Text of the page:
This book attempts to explain national populism using a '4D model': destruction of the national culture due to large-scale international migration; deprivation of opportunities due to globalization and in the post-industrial economy with its frequent disruptions and slow growth; growing distrust by working-class and rural voters who feel increasingly alienated by liberal cosmopolitan city-dwelling political and media elites; and de-alignment from traditional allegiances, which can be seen in high levels of voter volatility, or people switching from one party to another between elections.[22][23]

This England[edit]

A fifth book This England: Nation, Identity and Belonging is scheduled for publication by Pelican Books in 2021.[24]

Honours[edit]

In 2014, aged 33, Goodwin was awarded the Richard Rose Prize by the Political Studies Association, which is given to one early career academic each year for their contribution to research.[25]

See also[edit]

References[edit]

  1. ^ "Professor Matthew Goodwin". Chatham House. 2016. Retrieved 6 October 2016.
  2. ^ "Matthew Goodwin". School of Politics and International Relations, University of Nottingham. Archived from the original on 15 July 2012.
  3. ^ "The New Extremism in 21st Century Britain". Routledge. 22 February 2010. Retrieved 17 January 2012.
  4. ^ Cowley, Jason (21 October 2018). "Review: National Populism: The Revolt Against Liberal Democracy by Roger Eatwell and Matthew Goodwin – it's not going away any time soon". The Times. Retrieved 2 November 2018.
  5. ^ Goodwin, Matthew (28 April 2011). "New British Fascism: Rise of the British National Party". Routledge. Retrieved 17 January 2012.
  6. ^ "The BNP's breakthrough". New Statesman. London. 16 April 2009. Retrieved 17 January 2012.
  7. ^ Goodwin, Matthew; Ford, Robert (13 February 2009). "Prejudice is declining, but there is still huge support for the BNP". The Guardian. London. Retrieved 17 January 2012.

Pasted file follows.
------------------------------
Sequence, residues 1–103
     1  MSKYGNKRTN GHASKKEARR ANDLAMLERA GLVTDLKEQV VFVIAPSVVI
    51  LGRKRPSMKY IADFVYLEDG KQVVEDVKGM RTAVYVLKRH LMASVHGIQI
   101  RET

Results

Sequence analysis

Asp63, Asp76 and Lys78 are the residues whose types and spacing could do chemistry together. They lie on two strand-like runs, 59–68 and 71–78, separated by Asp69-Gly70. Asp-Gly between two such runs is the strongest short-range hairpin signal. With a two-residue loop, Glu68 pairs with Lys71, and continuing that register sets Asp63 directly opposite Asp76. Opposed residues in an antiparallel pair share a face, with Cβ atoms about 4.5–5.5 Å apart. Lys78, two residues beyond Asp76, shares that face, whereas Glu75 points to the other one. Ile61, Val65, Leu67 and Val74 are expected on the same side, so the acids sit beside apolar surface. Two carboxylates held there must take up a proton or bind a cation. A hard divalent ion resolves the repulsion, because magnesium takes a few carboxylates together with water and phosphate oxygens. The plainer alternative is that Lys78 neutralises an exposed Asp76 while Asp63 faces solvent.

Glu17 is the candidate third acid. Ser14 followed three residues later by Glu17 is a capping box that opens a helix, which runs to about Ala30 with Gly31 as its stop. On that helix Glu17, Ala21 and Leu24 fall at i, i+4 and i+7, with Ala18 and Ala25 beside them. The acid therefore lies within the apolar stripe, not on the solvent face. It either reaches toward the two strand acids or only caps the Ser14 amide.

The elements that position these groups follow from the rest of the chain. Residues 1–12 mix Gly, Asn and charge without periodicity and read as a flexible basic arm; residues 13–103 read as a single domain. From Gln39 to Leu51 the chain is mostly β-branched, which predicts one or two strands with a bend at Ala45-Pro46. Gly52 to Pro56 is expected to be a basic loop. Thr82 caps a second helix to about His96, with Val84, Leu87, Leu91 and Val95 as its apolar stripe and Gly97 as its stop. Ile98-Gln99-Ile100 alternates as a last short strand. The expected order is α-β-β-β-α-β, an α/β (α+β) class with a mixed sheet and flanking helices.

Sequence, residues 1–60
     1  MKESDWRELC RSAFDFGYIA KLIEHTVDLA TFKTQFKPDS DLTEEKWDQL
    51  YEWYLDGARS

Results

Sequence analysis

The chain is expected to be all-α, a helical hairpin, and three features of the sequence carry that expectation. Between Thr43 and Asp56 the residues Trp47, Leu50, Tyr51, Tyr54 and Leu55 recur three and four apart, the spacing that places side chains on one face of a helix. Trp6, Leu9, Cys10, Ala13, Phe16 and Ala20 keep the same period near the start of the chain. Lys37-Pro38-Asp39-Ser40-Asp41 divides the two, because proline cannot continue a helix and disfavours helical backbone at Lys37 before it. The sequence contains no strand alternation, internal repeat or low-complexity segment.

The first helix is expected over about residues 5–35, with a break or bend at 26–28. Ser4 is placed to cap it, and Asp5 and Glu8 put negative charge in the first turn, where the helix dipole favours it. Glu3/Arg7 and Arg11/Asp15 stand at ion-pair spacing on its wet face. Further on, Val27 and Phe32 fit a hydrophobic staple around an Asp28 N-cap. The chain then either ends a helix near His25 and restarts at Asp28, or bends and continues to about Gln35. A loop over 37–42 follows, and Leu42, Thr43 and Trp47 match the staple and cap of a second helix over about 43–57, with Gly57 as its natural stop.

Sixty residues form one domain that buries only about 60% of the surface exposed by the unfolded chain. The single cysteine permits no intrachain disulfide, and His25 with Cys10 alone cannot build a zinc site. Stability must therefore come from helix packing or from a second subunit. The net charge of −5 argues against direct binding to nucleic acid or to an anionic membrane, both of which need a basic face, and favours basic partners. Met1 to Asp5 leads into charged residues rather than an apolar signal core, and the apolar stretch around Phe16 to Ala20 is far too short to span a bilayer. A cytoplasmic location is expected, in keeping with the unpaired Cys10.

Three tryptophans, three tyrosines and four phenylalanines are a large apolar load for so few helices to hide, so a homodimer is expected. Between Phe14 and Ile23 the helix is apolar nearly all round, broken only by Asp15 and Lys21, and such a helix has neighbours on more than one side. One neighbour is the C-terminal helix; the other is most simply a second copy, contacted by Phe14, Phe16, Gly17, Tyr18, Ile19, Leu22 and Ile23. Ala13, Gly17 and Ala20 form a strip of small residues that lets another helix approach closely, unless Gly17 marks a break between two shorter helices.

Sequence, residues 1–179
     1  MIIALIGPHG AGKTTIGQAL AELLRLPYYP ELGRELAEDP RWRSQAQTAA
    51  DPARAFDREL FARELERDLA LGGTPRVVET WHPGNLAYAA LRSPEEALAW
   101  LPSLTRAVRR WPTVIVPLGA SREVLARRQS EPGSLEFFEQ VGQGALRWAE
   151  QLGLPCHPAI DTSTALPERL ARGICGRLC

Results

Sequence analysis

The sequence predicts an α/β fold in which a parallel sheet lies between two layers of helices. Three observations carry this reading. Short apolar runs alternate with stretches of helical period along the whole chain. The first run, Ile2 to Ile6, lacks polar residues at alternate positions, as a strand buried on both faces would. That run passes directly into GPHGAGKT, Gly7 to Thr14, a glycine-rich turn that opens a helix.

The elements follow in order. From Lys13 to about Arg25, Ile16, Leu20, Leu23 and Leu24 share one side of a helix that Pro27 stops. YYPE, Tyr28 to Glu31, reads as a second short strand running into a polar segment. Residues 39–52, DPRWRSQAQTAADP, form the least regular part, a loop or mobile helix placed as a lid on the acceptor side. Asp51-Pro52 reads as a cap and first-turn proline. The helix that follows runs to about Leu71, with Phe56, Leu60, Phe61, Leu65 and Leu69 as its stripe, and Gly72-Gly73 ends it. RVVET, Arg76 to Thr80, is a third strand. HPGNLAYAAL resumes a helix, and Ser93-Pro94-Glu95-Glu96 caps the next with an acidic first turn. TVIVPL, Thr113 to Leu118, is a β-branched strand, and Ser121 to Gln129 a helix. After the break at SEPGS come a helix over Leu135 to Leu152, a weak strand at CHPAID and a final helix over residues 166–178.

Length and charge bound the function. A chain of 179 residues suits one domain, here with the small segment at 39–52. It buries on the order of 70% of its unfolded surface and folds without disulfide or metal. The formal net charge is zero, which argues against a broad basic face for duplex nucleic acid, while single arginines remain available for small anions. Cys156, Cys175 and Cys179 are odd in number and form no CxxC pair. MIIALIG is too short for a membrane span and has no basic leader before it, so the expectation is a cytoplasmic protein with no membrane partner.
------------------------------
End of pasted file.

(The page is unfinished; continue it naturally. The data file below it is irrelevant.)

8. ^ "BNP". BBC News. 25 July 2010. Retrieved 17 January 2012.
  9. ^ Goodwin, Matthew (July 2010). "Life after Griffin". Prospect. London. Retrieved 17 January 2012.
  10. ^ "Matthew Goodwin on Twitter".
  11. ^ Media Mole (11 June 2017). "Watch: Politics expert Matthew Goodwin eats his own book on live TV after underestimating Labour". New Statesman. London.
  12. ^ Smith, Evan (30 April 2020). No Platform: A History of Anti-Fascism, Universities and the Limits of Free Speech. Routledge. ISBN 978-1138591677. Concerned about the increasing normalisation of far right ideas, over 200 scholars wrote an open letter criticising the event organised by Goodwin and Kaufmann
  13. ^ Goodwin, Matthew; Kaufmann, Eric (8 December 2018). "What Happened When We Tried to Debate Immigration". Quillette. Retrieved 14 April 2020.
  14. ^ "Who We Are".
  15. ^ Simpson, John. "Free speech union fights Twitter 'witch‑hunts'" – via www.thetimes.co.uk.
  16. ^ Lewis, Helen (3 December 2014). "The best politics books of 2014". The Guardian. Retrieved 9 August 2020.
  17. ^ Flood, Alison (29 January 2015). "Two new books explain the Brexit revolt". The Guardian. Retrieved 9 August 2020.
  18. ^ Stacey, Kiran (14 March 2014). "'Revolt on the Right', by Robert Ford and Matthew Goodwin". Financial Times. Retrieved 9 August 2020.
  19. ^ Bogdanor, Vernon (5 April 2014). "White, blue-collar, grey-haired rebels". The Spectator. Retrieved 9 August 2020.
  20. ^ Collins, Philip (28 November 2015). "UKIP: Inside the campaign to redraw the map of British politics by Matthew Goodwin and Caitlin Milazzo". The Times. Retrieved 9 August 2020.
  21. ^ Dorling, Danny (4 May 2017). "Brexit: Why Britain Voted to Leave the European Union, by Harold D. Clarke, Matthew Goodwin and Paul Whiteley". Times Higher Education. Retrieved 9 August 2020.
  22. ^ "Two new books explain the Brexit revolt". Britain. The Economist. 3 November 2018. Retrieved 29 February 2020.
  23. ^ Goodwin, Matthew (3 October 2018). "Why national populism is here to stay". Politics. The New Statesman. Retrieved 29 February 2020.
  24. ^ Comerford, Ruth (29 May 2020). "Penguin Press to publish Goodwin on England and identity". The Bookseller. Retrieved 9 August 2020.
  25. ^ "Conference Highlights 2014". Political Studies Association.

External links[edit]